When we got there some of the YPG fighters were taking a tea break. That the majority were women again surprised me.
I told the YPG commander that I wanted to go to the most forward position. “Impossible” he said as he began to enumerate the reasons, “There are snipers everywhere. If something happens to you hear I will not be responsible. We will not put the lives of our special guests in danger.”
But after insisting for a long time it bears fruit and we get up to go to the forward position. The YPG fighters were are walking in front of me show me the places where it is necessary to duck. “You can come into a sniper’s field of vision at any time, stay low’ they say. And every time I feel myself losing it inside. I feel like death is breathing down my neck, but I am determined and telling myself that I need to go and that I need to see I am resting my fear.
And we are there. There is 300-meter distance between the YPG and al-Nusra. They watch each other day and night, their fingers on the trigger, waiting and ready for a fight at any moment. Two days before we went there were violent clashes, a number of YPG fighters were wounded and 15 al-Nusra members were killed. Where we are looking, in the empty space between the two villages, two corpses are visible. The YPG commander says that “The place where the bodies are is in the open, I mean it is in our field of vision and they are afraid to go and get them. If they go and get them we would never touch them. We always have respect for the dead. When I hear the sound of small arms fire I throw myself on the ground. “There could be a fight here at any moment, it is very dangerous” they say and they lead me back away.
The Revolution is Walking Forward with Determination
I returned from Rojava with a garland of clover around my neck, the steady faith that women had the power to change the world, and the pride of female journalist who had gone from Turkey to Rojava.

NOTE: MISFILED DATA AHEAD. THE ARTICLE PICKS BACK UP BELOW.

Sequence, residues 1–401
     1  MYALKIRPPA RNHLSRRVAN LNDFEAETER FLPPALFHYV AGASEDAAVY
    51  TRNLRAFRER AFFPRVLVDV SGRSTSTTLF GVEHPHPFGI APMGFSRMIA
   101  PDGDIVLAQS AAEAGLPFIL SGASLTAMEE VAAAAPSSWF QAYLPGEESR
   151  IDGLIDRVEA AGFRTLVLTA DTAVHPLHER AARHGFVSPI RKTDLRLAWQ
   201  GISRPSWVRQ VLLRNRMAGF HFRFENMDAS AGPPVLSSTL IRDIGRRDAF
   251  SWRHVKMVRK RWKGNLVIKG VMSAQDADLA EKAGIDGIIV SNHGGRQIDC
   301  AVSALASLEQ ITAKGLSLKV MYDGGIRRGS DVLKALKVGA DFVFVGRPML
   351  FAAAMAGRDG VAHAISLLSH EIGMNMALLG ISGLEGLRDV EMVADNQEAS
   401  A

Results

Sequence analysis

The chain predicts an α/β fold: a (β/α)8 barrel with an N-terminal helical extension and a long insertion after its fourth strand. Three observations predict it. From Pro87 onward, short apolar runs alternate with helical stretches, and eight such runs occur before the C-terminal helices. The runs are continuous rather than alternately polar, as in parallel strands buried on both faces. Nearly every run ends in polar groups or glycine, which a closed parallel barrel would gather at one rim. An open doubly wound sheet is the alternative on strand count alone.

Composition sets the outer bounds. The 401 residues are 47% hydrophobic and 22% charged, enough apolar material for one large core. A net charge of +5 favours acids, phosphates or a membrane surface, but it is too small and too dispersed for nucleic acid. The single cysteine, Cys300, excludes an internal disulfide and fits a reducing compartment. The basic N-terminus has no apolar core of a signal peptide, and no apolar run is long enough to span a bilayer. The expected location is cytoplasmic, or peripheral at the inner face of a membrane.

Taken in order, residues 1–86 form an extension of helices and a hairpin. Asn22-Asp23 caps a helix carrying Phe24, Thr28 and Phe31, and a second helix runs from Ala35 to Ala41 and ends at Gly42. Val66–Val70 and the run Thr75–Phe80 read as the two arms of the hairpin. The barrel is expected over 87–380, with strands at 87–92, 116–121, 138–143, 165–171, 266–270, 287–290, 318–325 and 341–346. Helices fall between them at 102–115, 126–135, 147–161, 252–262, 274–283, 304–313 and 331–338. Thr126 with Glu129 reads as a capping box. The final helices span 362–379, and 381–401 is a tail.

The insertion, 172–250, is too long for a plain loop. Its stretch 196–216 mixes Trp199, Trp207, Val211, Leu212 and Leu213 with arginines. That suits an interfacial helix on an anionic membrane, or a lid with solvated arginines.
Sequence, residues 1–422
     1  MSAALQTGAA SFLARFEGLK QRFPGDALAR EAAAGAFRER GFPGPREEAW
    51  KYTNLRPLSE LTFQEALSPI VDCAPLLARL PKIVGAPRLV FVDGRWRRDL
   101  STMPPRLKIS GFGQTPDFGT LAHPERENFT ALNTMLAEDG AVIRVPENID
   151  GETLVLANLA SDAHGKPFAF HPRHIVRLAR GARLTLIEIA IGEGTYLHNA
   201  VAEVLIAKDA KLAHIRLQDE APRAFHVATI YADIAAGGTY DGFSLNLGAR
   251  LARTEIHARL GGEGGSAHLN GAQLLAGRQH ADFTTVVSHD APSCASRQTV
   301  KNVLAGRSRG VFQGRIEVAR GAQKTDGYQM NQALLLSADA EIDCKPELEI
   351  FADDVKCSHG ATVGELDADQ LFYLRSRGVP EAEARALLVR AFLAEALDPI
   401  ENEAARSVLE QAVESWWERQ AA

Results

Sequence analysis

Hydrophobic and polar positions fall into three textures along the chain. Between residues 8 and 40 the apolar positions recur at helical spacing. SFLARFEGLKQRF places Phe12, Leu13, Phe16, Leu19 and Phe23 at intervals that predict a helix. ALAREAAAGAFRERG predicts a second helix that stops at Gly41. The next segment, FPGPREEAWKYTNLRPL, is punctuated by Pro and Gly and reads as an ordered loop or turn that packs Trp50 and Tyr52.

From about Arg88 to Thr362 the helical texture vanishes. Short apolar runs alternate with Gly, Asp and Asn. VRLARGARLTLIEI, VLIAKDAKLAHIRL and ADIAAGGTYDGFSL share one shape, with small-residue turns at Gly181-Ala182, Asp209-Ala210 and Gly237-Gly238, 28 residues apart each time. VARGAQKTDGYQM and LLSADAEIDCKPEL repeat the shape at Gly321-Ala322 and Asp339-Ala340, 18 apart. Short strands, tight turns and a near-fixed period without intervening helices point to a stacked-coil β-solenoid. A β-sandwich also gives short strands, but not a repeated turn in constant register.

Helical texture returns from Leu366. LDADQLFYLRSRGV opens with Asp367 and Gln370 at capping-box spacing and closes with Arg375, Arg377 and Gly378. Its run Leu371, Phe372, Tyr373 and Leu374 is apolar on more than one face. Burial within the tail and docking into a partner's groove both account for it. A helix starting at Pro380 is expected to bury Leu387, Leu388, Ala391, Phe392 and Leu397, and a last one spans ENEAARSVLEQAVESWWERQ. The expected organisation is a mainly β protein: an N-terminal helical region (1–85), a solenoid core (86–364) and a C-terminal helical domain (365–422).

In order to understand Rojava not from afar but to and experience it, to live it, gave me a lot. As I left from there I understood that things were different that I saw from a distance. To see the reality one needs to get inside life there and to feel oneself in that place.
In Rojava a revolution is taking place. It is a revolution that includes everyone from seven to seventy. The people of Rojava are taking ownership of their past and their present and they are building their own future. The PYD and YPG are not just for the Kurds, they are working for the freedom of all the peoples of Rojava.
Rojava is walking determinedly on the path of revolution. No power will subvert them, or take their identities, their values and their believes from them. Rojava has found itself and with its gains it will win all four parts of Kurdistan. Nothing will be the same again….
Arabs Fighting with the YPG
One of the YPG fighters at the place we went to see the fighting draws my attention. He has dark skin, tattoos written in Arabic and stands our for his serenity. I ask Rojin who he is.
“Salem” she says introducing the man. “Salem is an Arab who fought with al-Nusra and later he joined us. He is married and has two children. In order to build a free future for his children he is fighting with us.”
I speak with Salem and and when we speak I see more cleary hat the clashes between the YPG and al-Nusra are not – as some people would like to represent them – clashes between Arabs and Kurds.
Salem knows Kurdish very well and tells his story: “I fought together with al-Nusra. However after a short time I realized that they had no interest in the freedom of peoples of Syria. They were in search of loot. They were burning and destroying and killing. The thing that really made it concrete for me was that when any of my friends were hit they didn’t even stop and look. They didn’t attempt to retrieve the bodies and made no effort to save the wounded. My concern is the freedom the peoples of Syria. The YPG is fighting from the freedom of the Syrian peoples. For that reason I am here.
Hasan is another Arab fighting with the YPG from Aleppo.He is only 17. He doesn’t know any Kurdish. He speaks with YPG fighters who don’t know Arabic through a translator. He is reserved, calm and very shy. He says he has taken the name Azad and asks that I address him using the name Azad. Timidly he explains why he joined the YPG.
“I witnessed the activities of the YPG in Aleppo. I saw that they did not discriminate among Arabs, Kurds, Christians, Armenians and Assyrians. The YPG is struggling for freedom. All of us in the YPG are fighting for the liberation of the peoples of Syria. There are many Arabs in the YPG, and Arab battalions have been formed. Everywhere I go I meet Arabs that have joined the YPG.”